Just a decade after the last financial crisis, here are five popular doom-and-gloom scenarios: student debt, ghost cities in China, the end of “quantitative easing”, Italexit and…an anti-billionaire uprising across America. nytimes.com
For moneyed Americans, most of the past year has felt like 1929 all over again — the fun, bathtub-gin-quaffing, rich-white-people-doing-the-Charleston early part of 1929, not the grim couple of months after the stock market crashed.
After a decade-long stock market party, which saw the stocks of the S. & P. 500 index create some $17 trillion in new wealth, the rich indulged in $1,210 cocktails at the Four Seasons hotel’s Ty Bar in New York, in $325,000 Rolls-Royce Cullinan sport-utility vehicles in S.U.V.-loving Houston and in nine-figure crash pads like Aaron Spelling’s 56,000-square-foot mansion in Los Angeles (currently on the market for $175 million, more than double what it fetched just five years ago).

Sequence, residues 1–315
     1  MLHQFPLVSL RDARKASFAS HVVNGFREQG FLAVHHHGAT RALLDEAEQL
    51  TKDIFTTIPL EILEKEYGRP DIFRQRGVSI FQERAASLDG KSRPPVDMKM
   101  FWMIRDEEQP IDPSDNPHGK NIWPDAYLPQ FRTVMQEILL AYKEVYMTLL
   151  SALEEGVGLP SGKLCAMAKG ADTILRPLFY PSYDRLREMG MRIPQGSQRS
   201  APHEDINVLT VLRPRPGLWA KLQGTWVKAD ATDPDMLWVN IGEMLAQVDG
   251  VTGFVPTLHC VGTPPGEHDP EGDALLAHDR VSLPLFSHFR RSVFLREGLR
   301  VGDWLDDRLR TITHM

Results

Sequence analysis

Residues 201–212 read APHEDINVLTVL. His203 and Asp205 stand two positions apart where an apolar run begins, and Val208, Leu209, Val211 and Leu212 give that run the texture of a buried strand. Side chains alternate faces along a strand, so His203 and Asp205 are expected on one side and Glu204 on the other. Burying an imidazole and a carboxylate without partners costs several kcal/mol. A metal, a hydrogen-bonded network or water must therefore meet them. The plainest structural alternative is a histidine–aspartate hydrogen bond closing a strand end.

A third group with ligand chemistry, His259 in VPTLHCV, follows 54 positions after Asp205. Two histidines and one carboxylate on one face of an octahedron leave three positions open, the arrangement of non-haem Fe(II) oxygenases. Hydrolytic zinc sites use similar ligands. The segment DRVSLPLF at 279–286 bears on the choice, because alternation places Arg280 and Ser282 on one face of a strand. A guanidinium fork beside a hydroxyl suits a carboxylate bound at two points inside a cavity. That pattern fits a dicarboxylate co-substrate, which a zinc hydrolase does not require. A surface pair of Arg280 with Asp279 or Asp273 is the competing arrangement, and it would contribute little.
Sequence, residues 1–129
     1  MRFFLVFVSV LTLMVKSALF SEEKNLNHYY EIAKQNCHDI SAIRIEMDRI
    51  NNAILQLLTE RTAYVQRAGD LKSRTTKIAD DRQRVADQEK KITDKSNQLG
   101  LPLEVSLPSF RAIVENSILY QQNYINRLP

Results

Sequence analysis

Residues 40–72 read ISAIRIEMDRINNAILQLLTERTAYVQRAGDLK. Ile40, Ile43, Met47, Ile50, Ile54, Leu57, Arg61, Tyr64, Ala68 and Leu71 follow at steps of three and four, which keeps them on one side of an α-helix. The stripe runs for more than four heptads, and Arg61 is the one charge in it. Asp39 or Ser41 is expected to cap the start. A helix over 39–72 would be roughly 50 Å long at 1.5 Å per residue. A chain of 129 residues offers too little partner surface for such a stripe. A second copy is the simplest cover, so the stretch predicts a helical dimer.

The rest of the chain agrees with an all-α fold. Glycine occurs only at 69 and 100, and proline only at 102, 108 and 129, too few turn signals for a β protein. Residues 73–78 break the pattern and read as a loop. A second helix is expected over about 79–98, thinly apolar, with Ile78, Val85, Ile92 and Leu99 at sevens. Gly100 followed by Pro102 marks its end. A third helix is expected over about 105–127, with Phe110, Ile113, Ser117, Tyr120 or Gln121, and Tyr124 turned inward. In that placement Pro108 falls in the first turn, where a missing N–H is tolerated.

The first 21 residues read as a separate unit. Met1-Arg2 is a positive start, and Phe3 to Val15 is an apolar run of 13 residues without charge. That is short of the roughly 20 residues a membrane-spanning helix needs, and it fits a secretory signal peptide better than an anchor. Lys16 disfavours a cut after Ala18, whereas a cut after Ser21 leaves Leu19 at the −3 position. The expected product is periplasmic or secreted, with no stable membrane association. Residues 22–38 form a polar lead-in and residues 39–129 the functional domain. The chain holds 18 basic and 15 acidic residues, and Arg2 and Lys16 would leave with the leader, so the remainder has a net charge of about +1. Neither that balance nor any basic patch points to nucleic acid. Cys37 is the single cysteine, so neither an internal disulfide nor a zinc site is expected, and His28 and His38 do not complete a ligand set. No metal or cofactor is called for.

Will it last? Who knows. But in recent months, the anxiety that we could be in for a replay of 1929 — or 1987, or 2000, or 2008 — has become palpable not just for the Aspen set, but for any American with a 401(k).
Overall, stocks are down 1.5 percent this year, after hitting dizzying heights in early October. Hedge funds are having their worst year since the 2008 crisis. And household debt recently hit another record high of $13.5 trillion — up $837 billion from the previous peak, which preceded the Great Recession